Green Zone - Review
Review by Jack Foley
IT WOULD be easy to label Matt Damon and Paul Greengrass’ third collaboration as “Bourne in Iraq” – certainly the trailers make it look that way.
But while there are Bourne traits, such as the brutally efficient, hand-held style of the action and the conspiracy underpinning the central story, Green Zone is a very different beast.
Rather, it combines Greengrass’ penchant for delivering breakneck, blockbusting cinema with hard-hitting insights into real events. Though a fictional story, it unfolds against the backdrop of the early days of the invasion of Iraq, and therefore serves as more of a companion piece to the director’s own United 93.
Damon plays an army warrant officer named Roy Miller who is posted in Iraq to justify the US invasion by finding weapons of mass destruction (or WMDs).
But as his search continues to prove fruitless, he begins to ask questions and finds himself caught in the middle of a three-way tussle between Brendan Gleeson’s conscientious CIA spook, Greg Kinnear’s shadowy Pentagon official and Khallid Abdalla’s outraged Iraqi sympathiser.
Without knowing who can be trusted, Miller soon finds his own life in danger.
Based on Rajiv Chandrasekaran’s novel Imperial Life In The Emerald City: Inside Iraq’s Green Zone, Greengrass’ movie successfully combines crowd-pleasing elements with a realistic backdrop.
We may know the outcome, but Greengrass’ breathless style of direction guarantees that we become caught up in the chase, while Damon’s engaging Miller offers an endearing, and suitably confused and frustrated, presence.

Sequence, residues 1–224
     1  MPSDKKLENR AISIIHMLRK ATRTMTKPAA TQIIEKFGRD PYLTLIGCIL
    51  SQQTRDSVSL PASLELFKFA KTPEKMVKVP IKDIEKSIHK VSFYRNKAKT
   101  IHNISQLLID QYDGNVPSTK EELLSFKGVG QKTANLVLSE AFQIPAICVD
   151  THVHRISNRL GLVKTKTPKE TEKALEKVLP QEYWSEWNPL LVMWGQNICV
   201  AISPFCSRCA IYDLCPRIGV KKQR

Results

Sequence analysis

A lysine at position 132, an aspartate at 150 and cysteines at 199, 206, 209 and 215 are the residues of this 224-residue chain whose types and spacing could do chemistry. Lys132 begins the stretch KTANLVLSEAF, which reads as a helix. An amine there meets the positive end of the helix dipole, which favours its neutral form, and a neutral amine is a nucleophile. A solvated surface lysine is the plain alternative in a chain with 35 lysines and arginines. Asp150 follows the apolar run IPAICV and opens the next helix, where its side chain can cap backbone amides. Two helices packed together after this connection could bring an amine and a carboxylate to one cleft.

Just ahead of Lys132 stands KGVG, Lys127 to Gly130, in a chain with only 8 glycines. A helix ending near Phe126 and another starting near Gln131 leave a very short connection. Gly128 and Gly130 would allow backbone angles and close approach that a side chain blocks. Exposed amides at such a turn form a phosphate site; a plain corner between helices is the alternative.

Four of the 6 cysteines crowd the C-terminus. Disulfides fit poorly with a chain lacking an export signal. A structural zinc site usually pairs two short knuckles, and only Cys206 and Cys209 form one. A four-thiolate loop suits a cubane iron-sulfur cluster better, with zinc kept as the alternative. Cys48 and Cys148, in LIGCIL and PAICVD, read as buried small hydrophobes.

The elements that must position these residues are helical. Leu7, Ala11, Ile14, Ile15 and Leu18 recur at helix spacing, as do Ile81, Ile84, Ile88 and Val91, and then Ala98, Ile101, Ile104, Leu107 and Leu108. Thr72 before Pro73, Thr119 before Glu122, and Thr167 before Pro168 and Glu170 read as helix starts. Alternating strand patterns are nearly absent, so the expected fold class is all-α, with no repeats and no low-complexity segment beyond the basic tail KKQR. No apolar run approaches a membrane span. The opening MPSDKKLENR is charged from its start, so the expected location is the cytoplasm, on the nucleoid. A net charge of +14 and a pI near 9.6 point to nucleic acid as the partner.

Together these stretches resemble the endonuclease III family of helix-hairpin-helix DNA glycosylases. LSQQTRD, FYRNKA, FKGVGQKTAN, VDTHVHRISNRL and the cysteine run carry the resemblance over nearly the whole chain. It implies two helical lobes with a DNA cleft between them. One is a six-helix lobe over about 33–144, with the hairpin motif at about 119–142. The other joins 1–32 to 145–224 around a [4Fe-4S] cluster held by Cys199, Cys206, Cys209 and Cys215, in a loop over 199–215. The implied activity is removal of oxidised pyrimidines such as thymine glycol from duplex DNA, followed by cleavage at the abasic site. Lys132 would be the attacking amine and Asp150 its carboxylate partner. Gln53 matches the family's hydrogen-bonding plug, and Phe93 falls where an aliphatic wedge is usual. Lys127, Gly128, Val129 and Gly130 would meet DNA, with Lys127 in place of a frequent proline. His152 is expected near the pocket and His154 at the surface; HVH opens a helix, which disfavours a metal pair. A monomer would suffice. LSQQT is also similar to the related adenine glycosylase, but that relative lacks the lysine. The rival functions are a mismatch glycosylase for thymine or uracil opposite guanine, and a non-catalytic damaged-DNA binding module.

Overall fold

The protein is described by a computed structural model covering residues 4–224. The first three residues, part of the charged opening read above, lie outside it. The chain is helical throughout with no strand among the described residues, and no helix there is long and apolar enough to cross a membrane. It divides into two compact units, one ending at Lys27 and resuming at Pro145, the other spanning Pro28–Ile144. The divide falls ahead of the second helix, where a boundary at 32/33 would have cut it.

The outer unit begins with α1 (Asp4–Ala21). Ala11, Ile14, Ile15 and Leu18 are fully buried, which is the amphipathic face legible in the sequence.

He’s not quite as efficient as Bourne, either… constantly making the wrong decisions and placing himself in unnecessary danger.
But with heavyweight support coming from the likes of Gleeson, Kinnear, Jason Isaacs (as a ruthless Special Ops bully) and Amy Ryan (as a probing reporter), it’s little wonder he finds it hard to distinguish friend from foe.
The questions that are posed, meanwhile, still have social relevance, particularly given that the film has come out just as The Chilcot inquiry begins to wind down, and days after The Hurt Locker swept the Academy Awards.
Ironically, Hurt Locker cinematographer [and Oscar nominee] Barry Ackroyd lends the film an extra level of authenticity, thanks to his trademark hand-held style and close-up view of the action.
Green Zone, as you’d expect from this filmmaking team, has an immediacy that thrusts you into the heart of the action, as well as an intelligence that knows how to treat a difficult subject matter with the respect it deserves.
The more sceptical might argue that the film’s approach is heavy-handed and almost naive at times (particularly in its outcome), but Greengrass is clearly keen for his movie to be seen by as wide an audience as possible, mindful of the box office failure of the majority of its Iraq-based predecessors (Hurt Locker included).
So, as high quality entertainment mixed with socially aware themes goes, Green Zone is articulate enough to kickstart the type of debates that Greengrass is seeking, while providing audiences with the big screen thrills and spills required from this type of blockbuster.
It’s action-packed, provocative movie-making that’s too good to miss from another of contemporary cinema’s finest actor-director partnerships.
Running time: 115mins
UK Release Date: March 12, 2010 (Previews from March 10)
- Buy it on DVD (Amazon)
- Buy it on Blu-ray (Amazon)
- Read our review
- Matt Damon interview
- Paul Greengrass interview
- Green Zone Photo Gallery